André Breton

1899 – 1966
French School

The Stroke of Midnight (Minuit Juste), (Poem Object,1959)

Directly carved wood, garter belt.
Height: 84cm. Diameter 10,5 cm

Provenance: André Breton Sale, Calmels and Cohen, Paris, April 2003. number 4135.

Exhibitions:
1. Schirn Kunsthalle, Frankfurt, Germany «Surreale Dinge». February 10 – May 29 2011. (full page color reproduction. Page 112.)
2. Mjellby Konstmuseum, Halmstad, Sweden «Surrealistika Ting» June 1 – October 17 2012.

Breton’s Minuit Juste was his contribution to the last great Surrealist Exhibition given at the Daniel Cordier Gallery in 1959. The theme chosen, EROS was imbedded in the description of the event: E xposition InteRnatiOnale du Surréalism, and the participants included the luminaries of the Surrealist movement, among others: Marcel Duchamp (who produced the catalogue, in the form of a letterbox containing nine lascivious messages and erotic potholders), Hans Bellmer, Man Ray, Jean Arp, Benjamin Péret, Mirò, Toyen, and Svanberg. Duchamp’s motto read as follows: “Everything is pulsating in the conjugation exercise because of an affliction which is more venereal than venerable.”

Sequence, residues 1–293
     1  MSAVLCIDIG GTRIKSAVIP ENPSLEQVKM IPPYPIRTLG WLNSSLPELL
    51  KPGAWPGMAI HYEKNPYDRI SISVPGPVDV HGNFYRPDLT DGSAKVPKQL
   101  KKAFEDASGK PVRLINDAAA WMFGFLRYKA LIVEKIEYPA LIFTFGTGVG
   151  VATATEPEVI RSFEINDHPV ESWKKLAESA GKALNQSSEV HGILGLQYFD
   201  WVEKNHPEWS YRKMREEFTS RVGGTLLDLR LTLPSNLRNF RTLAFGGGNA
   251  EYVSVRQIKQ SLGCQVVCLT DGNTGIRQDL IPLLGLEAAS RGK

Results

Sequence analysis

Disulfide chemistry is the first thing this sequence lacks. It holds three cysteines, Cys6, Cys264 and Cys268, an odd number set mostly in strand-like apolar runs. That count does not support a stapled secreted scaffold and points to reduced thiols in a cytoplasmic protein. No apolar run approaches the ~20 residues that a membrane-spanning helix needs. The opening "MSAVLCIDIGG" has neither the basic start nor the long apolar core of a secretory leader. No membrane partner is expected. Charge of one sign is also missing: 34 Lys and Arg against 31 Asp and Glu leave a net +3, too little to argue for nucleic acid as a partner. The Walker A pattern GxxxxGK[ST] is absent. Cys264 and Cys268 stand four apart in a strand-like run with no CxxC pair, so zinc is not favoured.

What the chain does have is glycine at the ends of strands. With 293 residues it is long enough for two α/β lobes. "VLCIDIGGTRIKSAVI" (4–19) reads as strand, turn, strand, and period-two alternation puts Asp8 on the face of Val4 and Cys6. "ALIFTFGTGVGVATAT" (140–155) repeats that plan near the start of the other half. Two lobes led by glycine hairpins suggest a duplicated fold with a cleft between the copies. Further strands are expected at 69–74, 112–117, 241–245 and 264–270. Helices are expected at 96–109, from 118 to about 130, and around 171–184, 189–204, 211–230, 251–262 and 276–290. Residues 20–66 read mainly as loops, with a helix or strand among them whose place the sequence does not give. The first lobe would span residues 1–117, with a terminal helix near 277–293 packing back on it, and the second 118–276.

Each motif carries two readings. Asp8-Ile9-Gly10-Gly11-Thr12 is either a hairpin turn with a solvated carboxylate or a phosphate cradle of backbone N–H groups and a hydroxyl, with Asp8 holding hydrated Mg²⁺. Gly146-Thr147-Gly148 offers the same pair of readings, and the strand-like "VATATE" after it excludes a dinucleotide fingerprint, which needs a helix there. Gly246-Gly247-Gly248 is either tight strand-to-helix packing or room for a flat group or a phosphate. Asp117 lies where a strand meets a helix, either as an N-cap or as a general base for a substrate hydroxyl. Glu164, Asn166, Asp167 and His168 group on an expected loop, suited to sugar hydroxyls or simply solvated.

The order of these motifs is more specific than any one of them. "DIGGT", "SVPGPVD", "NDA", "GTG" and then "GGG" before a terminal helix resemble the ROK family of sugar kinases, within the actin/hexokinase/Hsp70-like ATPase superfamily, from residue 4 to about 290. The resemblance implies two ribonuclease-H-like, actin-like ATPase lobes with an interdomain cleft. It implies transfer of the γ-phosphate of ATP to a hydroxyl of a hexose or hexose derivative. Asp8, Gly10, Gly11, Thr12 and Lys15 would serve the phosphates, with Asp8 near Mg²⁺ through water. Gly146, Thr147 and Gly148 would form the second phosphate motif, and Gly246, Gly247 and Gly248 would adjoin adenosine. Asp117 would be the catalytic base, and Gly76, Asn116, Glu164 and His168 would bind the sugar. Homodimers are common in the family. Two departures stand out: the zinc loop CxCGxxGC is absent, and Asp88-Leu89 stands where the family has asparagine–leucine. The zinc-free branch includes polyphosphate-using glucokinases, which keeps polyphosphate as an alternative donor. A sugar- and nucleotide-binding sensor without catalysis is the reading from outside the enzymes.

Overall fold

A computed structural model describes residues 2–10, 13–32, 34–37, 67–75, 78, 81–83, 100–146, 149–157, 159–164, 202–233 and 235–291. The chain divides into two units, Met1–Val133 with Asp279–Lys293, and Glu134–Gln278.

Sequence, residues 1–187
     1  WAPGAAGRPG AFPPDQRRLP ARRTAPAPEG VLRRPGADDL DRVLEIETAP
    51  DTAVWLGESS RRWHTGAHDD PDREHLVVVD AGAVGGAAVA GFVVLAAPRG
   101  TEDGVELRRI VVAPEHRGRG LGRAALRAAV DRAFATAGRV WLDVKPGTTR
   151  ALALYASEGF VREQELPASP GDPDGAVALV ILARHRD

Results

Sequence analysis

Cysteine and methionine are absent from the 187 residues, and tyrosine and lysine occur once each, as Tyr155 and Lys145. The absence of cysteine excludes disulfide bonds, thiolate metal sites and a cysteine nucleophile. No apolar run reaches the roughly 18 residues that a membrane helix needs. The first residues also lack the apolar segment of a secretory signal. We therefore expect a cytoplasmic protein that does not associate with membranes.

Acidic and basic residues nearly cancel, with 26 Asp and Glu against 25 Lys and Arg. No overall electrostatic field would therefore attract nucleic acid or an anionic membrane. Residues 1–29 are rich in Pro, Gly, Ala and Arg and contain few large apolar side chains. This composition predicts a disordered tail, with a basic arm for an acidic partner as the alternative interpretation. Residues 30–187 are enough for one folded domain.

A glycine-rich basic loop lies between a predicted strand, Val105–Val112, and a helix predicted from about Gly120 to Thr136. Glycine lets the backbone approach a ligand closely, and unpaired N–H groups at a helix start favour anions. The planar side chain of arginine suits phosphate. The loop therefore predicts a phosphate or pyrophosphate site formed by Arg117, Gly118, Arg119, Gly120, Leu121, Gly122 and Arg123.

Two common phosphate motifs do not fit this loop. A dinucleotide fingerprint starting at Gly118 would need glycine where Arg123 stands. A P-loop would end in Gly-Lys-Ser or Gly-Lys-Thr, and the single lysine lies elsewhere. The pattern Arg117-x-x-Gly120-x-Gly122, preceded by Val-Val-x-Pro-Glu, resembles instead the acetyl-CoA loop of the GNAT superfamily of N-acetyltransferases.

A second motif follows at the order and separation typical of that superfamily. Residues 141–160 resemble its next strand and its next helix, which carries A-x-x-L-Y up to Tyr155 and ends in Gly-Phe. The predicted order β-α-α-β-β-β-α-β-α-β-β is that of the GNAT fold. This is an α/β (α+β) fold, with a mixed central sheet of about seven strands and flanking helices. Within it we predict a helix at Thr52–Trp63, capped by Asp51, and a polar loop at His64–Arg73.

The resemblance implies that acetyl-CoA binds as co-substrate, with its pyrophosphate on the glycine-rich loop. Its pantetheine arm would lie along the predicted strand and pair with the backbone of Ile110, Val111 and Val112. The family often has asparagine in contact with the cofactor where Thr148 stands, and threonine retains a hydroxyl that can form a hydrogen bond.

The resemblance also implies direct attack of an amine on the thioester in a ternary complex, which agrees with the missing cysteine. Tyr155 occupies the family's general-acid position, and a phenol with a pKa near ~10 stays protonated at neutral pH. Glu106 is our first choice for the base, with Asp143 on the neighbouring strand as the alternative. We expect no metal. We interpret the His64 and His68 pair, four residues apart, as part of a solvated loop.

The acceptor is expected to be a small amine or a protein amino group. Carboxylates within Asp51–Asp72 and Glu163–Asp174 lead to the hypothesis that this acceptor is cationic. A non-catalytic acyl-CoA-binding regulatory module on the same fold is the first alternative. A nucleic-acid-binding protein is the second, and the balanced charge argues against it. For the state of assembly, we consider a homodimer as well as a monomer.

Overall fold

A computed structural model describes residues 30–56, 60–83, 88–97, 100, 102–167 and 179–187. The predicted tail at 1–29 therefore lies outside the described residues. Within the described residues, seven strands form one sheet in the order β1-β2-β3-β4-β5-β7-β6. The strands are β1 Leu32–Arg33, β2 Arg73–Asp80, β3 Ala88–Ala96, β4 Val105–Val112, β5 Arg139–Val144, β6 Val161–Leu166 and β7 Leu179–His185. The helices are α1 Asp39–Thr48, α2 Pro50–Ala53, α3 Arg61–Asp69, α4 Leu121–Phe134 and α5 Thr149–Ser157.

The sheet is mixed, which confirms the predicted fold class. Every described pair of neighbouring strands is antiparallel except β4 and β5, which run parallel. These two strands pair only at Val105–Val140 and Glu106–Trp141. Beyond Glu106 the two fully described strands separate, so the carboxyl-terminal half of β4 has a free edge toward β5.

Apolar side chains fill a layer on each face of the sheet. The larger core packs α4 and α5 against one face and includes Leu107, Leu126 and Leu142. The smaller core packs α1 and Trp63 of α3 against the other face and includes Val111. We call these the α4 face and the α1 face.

Photos of the exhibition installation reveal an interior which was meant to evoke an enormous vagina, and the opening night buffet organised by Meret Oppenheim presented a banquet table on which a naked female mannequin was dissected with food inserted into its entrails.

Understandably, Breton was obliged to supply an erotic image of quality and some consequence to this singular event. His sculpture, characteristic of his natural elegance, is a stylised phallus (as one might find in the primitive African cultures which he so admired). A woman’s garter belt, modest in dimensions in comparison to the male organ, is ‘crucified’ on it, attached by small nails.

A sketch for Minuit Juste was published in the book edited by Gallimard, 1991: André Breton, Je vois, je m’imagine, also offered at the Breton sale. The sketch shows a different placement for the garter belt, and indicates a frame with a series of small portraits (presumably female conquests) in a circle. The sculpture was perhaps never realised exactly in this manner, if Breton ultimately decided to dispense with the narrative and limiting device of a frame with female portraits, judging that a phallus, a garter belt and the suggestive title were more than sufficient to deliver his message.

A 19